AO-7 eclipses return, satellite now primarily in Mode U/v

From AMSAT-bb (http://amsat.org/pipermail/amsat-bb/2016-November/061297.html):

The AMSAT satellite status page at http://www.amsat.org/status/ indicates
that as of the morning of 11/25/2016, AO-7 is once again entering eclipse
each orbit. This means that the 24 Hour mode change timer is interrupted
each orbit, and the satellite will be found primarily in Mode U/v (aka Mode
B).

As the satellite is powered solely by the now 42 year-old solar panels, it
is very sensitive to strong uplink signals, particularly CW. Users should
closely monitor their downlink for excessive chirp, warbling or “FM’ing” and
reduce power as necessary. More information including frequencies can be
found at http://ww2.amsat.org/?page_id=1031

73, Drew KO4MA

AMSAT VP Operations

 

LUSEX-OSCAR 87 (LO-87)

The Argentinian earth observation satellite ÑuSat-1 carries a linear transponder built by AMSAT Argentina. The satellite was launched on a CZ-4B rocket from Taiyuan Satellite Launch Center in China on May 30, 2016 into a 500 km sun-synchronous orbit with an inclination of 97.5 degrees and a Local Time of the Descending Node (LTDN) of 10:30.

The AMSAT Argentina U/v inverting transponder, named LUSEX, has an uplink of 435.935 MHz to 435.965 MHz and a downlink of 145.935 MHz to 145.965 MHz. Total power output is 250 mW. There is also a CW beacon at 145.900 MHz with a power output of 70 mW.

The transponder and beacon are currently active over Latin America and Europe.

For more information, see the AMSAT Argentina LUSEX page at http://lusex.org.ar/

Fox-1Cliff and -1D Matching Contributions Offer

Merry Christmas and Happy Holidays to AMSAT members and satellite enthusiasts everywhere!

In this season of giving, we’ve had a generous offer for matching funds up to $1,000 for those that contribute to the Fox-1Cliff and -1D crowdsourcing campaign at https://fundrazr.com/campaigns/6pz92/ab/561Zd between now and December 31st. Make your donation twice as valuable by taking advantage of this opportunity and contributing before the end of the year, and help AMSAT fund the launch of the next two satellites in the Fox-1 series.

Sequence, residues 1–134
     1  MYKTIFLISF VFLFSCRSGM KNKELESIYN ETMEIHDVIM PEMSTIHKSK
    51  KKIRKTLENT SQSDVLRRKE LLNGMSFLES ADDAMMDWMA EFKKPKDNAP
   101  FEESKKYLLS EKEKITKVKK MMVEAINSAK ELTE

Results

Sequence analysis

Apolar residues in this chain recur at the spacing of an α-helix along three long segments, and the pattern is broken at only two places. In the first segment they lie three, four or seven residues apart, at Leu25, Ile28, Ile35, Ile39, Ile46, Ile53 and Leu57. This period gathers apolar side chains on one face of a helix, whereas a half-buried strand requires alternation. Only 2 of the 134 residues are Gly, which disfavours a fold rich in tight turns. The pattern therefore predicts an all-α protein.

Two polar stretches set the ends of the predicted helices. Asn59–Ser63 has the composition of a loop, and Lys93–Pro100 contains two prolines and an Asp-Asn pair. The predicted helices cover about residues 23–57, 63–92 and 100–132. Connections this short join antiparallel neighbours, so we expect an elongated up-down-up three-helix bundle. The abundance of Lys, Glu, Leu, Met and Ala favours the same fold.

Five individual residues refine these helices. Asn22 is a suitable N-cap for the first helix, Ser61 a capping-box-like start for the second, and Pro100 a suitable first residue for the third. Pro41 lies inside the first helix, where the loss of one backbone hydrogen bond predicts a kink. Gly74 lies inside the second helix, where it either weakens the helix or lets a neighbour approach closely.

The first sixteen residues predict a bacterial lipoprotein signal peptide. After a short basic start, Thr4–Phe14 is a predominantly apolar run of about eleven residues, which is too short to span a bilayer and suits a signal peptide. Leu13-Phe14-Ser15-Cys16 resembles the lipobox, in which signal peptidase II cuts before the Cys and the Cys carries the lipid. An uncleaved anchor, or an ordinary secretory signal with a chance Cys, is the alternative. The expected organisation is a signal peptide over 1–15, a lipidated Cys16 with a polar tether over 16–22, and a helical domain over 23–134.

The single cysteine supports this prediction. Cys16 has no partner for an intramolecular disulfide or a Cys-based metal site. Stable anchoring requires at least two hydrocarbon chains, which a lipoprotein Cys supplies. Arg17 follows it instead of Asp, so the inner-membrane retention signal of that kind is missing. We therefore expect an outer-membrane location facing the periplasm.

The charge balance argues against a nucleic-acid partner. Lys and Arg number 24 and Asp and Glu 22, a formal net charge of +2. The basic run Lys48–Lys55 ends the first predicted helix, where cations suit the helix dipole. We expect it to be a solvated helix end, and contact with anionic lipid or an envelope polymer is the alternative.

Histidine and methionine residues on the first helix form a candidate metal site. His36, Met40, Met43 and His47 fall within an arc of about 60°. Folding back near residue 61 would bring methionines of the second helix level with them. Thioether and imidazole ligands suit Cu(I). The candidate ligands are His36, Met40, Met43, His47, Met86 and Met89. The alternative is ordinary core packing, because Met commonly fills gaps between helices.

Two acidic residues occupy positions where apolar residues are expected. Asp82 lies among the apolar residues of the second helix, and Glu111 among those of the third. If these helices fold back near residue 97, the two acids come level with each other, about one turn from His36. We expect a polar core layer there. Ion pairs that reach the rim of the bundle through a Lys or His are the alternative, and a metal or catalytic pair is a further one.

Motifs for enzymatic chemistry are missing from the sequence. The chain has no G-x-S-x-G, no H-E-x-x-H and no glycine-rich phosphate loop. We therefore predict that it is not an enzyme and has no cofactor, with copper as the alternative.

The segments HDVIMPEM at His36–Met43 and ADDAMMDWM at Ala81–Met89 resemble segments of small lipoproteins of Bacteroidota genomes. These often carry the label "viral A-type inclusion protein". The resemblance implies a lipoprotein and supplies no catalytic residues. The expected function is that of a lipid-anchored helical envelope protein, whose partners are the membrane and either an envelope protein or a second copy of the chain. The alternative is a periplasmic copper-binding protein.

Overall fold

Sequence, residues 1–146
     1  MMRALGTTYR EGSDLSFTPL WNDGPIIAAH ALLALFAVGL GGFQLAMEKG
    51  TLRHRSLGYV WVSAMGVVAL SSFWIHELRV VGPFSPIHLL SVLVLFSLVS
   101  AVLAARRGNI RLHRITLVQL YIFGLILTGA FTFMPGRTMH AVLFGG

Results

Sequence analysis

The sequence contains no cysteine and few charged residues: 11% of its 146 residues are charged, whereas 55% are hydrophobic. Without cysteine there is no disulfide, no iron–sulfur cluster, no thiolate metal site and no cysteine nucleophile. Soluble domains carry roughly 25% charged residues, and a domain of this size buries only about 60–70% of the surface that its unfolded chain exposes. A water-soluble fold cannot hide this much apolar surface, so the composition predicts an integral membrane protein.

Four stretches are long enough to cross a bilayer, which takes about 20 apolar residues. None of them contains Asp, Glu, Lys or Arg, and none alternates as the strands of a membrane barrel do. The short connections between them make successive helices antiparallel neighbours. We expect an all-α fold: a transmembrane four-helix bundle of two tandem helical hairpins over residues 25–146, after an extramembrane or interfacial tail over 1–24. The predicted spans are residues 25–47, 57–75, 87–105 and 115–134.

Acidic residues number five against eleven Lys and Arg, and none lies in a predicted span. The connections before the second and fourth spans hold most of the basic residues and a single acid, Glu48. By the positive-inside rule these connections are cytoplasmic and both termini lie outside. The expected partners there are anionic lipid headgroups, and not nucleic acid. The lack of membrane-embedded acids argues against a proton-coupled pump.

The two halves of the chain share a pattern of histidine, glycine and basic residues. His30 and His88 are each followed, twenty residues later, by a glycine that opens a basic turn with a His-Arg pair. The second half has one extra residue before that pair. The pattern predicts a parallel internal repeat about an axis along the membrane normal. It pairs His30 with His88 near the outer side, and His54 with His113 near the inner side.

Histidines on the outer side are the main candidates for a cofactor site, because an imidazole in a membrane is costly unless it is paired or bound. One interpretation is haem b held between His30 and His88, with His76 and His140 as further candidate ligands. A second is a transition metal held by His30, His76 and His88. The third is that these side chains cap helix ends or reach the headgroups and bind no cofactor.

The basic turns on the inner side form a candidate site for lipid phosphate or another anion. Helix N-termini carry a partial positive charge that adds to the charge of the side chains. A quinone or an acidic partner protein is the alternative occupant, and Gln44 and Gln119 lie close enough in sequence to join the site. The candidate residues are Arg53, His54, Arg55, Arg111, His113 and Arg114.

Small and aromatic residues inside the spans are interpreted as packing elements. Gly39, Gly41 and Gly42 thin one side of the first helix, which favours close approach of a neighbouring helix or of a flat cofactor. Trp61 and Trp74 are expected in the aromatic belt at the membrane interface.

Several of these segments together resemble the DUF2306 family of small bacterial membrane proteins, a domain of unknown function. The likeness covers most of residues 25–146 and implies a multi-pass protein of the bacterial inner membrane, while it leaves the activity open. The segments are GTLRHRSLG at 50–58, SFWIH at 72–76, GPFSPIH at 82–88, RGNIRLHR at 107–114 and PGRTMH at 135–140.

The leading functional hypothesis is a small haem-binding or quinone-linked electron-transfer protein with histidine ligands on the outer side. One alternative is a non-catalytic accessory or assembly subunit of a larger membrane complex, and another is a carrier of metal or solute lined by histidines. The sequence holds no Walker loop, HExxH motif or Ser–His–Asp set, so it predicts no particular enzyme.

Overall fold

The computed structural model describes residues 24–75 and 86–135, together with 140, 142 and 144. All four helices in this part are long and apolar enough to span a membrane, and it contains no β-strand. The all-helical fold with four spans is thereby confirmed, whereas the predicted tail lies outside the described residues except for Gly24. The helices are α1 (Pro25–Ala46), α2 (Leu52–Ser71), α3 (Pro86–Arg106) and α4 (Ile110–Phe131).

Slated for launch in 2016 on the inaugural Spaceflight SHERPA mission aboard a SpaceX Falcon 9, Fox-1Cliff and -1D carry university experiments from Pennsylvania State-Erie, Vanderbilt, University of Iowa, cameras provided by Virginia Tech, as well as amateur radio voice repeaters capable of U/V or L/V operation.

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Donations of $100 or more are eligible for a special AMSAT Fox challenge coin, and $1,000 or more qualifies for a plaque with an actual solar panel cover from Fox-1Cliff or -1D. (We’ve nearly exhausted our coin supply and are waiting on resupply from the mint. Plaques will be distributed sometime after spacecraft integration. Please be patient for delivery of either premium.)

AMSAT is a 501-(c)-(3) not-for-profit educational and scientific organization of amateur radio operators whose purpose is to design, construct, launch, and operate satellites in space and to provide the support needed to encourage amateurs to utilize these resources. Please consider a tax-deductible contribution to AMSAT to help underwrite the development and launch expenses of our Fox satellite program.

Donors wishing to provide additional matching funds please contact Drew Glasbrenner, KO4MA at ko4ma@amsat.org.

4U1UN as 4U70UN on satellite October 24-25

4u1unWord has been received, that, in celebration of the UN’s 70th
anniversary, 4U1UN will be activated as 4U70UN on Saturday 24 and Sunday
25 October. The operation by the UN ARC will be from the ground-level
garden area within the UNHQ complex in New York City and will be limited
to daylight hours. Satellite operation is included in the plans, but
time and equipment limitations will exist. Blockage from high rise
buildings toward the West is expected. Best passes will be to the East
of FN30as and North/South overhead. Possible satellites in view may be
AO-73, FO-29, AO-85, AO-7, SO-50, XW-2E and XW-2F. Note that 4U1UN is a
separate DXCC entity. See QRZ.COM for QSL info.